For those of us in the UK, the first series of ‘Prison Break’ ended the other week. In case you haven’t seen the show, the basic premise runs thus: a man is accused of murdering the Vice President of the USA, and his younger brother, convinced of his guilt, gets hold of the plans to the prison, has them tattooed on his body, and then gets jailed so he can break out with his sibling.

Yes, it does sound fairly preposterous – and indeed it often is – but I suddenly realised that the reason why I’ll be watching Prison Break when it returns is the opposite of the reason why I found the end of the first series of ‘Lost’ so irritating: something happened.

It’s a common problem in TV series – they want to keep you interested, so they set up an attention-grabbing premise or plotline, but network and business needs require that they endlessly play Scheherazade and refuse to resolve the tease. It’s all foreplay, basically. And I’m not knocking foreplay – it’s just there’s a reason why the first consonant of the word is what it is.

And whilst Lost lost (…) my interest by virtue of its refusal to answer many of its own questions, Prison Break had characters die, situations change, and all the things that made it worth watching because it was far from predictable what was going to happen next. Indeed, in places it looked like the writers were playing Consequences, seeing what the next episode’s writer would do to get out of the jam they were in, but the way plot threads faded and reappeared makes me think it was far more organised than that.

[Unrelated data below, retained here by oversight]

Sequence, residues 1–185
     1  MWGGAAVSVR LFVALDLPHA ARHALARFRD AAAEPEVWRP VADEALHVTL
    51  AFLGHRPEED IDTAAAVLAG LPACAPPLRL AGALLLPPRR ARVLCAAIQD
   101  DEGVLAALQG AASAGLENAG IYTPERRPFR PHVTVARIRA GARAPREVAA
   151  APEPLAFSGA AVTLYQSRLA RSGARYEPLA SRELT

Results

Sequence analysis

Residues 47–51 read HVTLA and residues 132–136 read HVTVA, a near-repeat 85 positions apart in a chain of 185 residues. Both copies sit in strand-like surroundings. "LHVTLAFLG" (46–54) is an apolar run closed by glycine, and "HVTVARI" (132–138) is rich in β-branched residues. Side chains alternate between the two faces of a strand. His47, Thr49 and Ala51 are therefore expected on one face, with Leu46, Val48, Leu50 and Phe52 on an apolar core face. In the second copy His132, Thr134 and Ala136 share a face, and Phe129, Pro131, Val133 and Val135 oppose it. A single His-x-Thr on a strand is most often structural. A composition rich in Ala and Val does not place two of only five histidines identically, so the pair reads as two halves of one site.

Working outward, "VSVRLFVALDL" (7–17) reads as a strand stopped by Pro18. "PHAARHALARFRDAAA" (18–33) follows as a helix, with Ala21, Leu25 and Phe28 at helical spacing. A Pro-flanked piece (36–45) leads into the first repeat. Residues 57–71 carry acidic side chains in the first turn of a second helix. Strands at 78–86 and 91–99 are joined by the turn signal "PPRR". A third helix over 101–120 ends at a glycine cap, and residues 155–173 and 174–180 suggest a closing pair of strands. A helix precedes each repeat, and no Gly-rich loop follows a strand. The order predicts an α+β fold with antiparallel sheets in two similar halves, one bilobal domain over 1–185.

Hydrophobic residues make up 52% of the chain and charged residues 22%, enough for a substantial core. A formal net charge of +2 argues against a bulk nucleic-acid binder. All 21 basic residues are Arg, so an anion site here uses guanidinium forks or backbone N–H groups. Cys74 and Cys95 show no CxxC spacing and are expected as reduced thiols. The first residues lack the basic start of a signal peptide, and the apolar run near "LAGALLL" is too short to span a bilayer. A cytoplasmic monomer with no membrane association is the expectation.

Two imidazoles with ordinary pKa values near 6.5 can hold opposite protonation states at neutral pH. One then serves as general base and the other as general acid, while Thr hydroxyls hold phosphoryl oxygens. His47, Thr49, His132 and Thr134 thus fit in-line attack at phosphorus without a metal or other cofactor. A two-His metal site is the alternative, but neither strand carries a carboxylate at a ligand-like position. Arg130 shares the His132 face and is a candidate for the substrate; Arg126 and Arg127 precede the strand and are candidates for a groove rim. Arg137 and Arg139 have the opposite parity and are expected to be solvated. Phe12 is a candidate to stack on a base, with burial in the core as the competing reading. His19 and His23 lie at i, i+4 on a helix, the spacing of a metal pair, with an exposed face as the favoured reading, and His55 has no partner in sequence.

It’s a simple enough requirement in a story, I think, that something actually occur, or that the writer(s) have the nerve to make good on at least some of the promises implicit in the set-up, but it often seems to be one which TV serials are reluctant to do, in the belief that a promising status quo is what the viewer wants; for me, that’s not the case, and there’s little I like more when watching a TV show which actually dares to deliver the punchline which its setup promised (finding out who the killer was in Twin Peaks, for example), or which has twists of events which you didn’t expect at all (Spooks episode 2, for example, but more importantly Buffy on an impressive number of occasions).

I may be getting old-fashioned in my approach to things narrative-based, but as all stories involve the creator convincing the audience that these made-up-things in some way ‘matter’ and are worthy of their time and attention, I think it’s implied in that that if the audience spends time and effort following the story, that the creator will in some way reward that. And in TV, it seems that’s almost unfashionable (‘Life on Mars’, I’m looking at you), which I think is a shame.

Not least because it means I get increasingly wary of starting to watch a series in case it just strings me along to no narrative purpose.

*Apologies to Joseph Heller